یُوۡصِیۡکُمُ اللّٰہُ فِیۡۤ اَوۡلَادِکُمۡ

“Allah commands you concerning your children” (4: 11)

And we are further told,

وَ وَصَّیۡنَا الۡاِنۡسَانَ بِوَالِدَیۡہِ اِحۡسٰنًا

“We have exhorted man to treat his parents kindly”(46:15)

Also there is a command in three consecutive verses,

ذٰلِکُمۡ وَصّٰکُمۡ

..thus doth He command you… (6: 151, 152,153)

ذٰلِکُمۡ وَصّٰکُمۡ بِہٖ لَعَلَّکُمۡ تَعۡقِلُوۡنَ

“This He enjoins on you, so that you understand” (6:151)

ذٰلِکُمۡ وَصّٰکُمۡ بِہٖ لَعَلَّکُمۡ تَذَکَّرُوۡنَ

“This He enjoins on you, so that you may be mindful” (6: 152)

ذٰلِکُمۡ وَصّٰکُمۡ بِہٖ لَعَلَّکُمۡ تَتَّقُوۡنَ

“This He enjoins on you, so that you may fear Him” (6:153)

So if Will is a dying wish why would God refer to His exhortations as such? The concept of death does not exist for God. For Him there is life and only life. The word Will has a broad meaning and can be used in multiple ways. It is a final decision. Something that is not likely to change. It is fixed, final and permanent.

The speaker addresses you on Friday and Eid sermons with the words ‘O God’s creation I exhort you ’. So it is clear that Will is a message that is not likely to change or alter. What we say in our lifetime can be renewed, changed or deleted but what we say close to death attains certainty and is referred to as wasiyat even though the word itself is not linked directly to death. Referring to the Surah again, let us reiterate that salvation is for those who demonstrate faith, do good deeds and exhort one another to truth and endurance. They do so in an emphatic manner and what they say is authentic and final.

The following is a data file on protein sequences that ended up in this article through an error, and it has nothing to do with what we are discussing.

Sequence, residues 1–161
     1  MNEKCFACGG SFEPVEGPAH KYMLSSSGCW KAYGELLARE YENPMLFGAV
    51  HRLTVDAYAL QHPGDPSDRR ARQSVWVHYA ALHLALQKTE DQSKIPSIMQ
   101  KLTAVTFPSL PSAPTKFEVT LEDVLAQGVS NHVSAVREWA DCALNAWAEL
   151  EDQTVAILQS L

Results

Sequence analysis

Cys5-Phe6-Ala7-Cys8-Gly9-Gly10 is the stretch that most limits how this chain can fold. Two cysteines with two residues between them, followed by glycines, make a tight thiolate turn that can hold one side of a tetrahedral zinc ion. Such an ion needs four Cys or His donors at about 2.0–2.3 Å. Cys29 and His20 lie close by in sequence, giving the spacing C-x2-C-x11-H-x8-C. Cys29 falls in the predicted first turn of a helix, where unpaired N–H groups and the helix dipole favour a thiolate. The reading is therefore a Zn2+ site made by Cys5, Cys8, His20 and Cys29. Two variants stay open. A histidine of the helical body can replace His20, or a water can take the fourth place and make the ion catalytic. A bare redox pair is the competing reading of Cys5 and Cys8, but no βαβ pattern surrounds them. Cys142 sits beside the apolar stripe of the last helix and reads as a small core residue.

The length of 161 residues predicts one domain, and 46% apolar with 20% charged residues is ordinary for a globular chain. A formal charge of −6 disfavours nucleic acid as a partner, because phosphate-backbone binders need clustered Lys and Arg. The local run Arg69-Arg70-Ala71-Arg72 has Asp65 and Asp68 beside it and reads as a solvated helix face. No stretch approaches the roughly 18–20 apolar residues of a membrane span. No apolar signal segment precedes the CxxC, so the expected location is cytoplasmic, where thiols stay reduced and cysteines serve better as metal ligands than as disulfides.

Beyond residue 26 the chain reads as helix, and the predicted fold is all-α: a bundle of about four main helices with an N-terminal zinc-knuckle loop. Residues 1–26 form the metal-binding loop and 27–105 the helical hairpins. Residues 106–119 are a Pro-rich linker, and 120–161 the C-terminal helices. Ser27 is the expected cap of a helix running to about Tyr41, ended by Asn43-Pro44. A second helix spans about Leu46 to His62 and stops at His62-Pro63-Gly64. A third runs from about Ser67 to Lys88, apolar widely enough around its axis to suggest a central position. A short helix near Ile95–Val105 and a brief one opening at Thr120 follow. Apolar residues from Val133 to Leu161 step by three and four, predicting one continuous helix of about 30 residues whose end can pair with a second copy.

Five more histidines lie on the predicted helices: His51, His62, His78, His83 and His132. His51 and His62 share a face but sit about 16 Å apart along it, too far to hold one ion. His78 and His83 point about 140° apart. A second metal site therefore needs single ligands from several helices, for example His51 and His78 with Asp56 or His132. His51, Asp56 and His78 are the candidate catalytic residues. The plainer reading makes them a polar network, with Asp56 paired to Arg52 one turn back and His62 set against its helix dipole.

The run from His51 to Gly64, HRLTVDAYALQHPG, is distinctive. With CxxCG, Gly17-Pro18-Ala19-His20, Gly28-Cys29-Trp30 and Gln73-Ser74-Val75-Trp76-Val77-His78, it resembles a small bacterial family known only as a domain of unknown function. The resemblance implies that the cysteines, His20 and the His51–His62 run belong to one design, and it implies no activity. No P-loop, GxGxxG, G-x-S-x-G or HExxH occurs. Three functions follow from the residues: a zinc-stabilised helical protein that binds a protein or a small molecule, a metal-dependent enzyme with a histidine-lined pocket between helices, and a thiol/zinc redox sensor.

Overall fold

Respected audience, if I deliberate on this Surah in a lecture form you will get bored, so keeping your disposition in mind I shall adopt a particular style so you do not lose interest and my direction stays focused, too. I request you to pay attention and grasp each and every word I say. In this particular Surah and in many other places in the Quran the word ‘Iman’ (faith) is coupled with the words ‘amal e saleh’ (good deeds). Consider these,

وَعَدَ اللّٰہُ الَّذِیۡنَ اٰمَنُوۡا وَ عَمِلُوا

الصّٰلِحٰتِ مِنۡہُمۡ مَّغۡفِرَۃً وَّ اَجۡرًا عَظِیۡمًا

“Allah has promised those who believe and do good deeds forgiveness and a great recompense.” (48:29)

اِنَّ الَّذِیۡنَ اٰمَنُوۡا وَ عَمِلُوا الصّٰلِحٰتِ سَیَجۡعَلُ لَہُمُ الرَّحۡمٰنُ وُدًّا

“Verily those who believe and do good deeds God (Ar-Rahman) will appoint for them love.” (19:96)

Whenever, God mentions those who have faith, He follows it by mentioning their deeds. Both these words used one after another double to form a regular pattern. There is no doubt that religion is neither exclusively deeds, nor is it entirely faith. Religion will only be effective when faith is coupled with good deeds and if this faith serves as an agent for useful activity.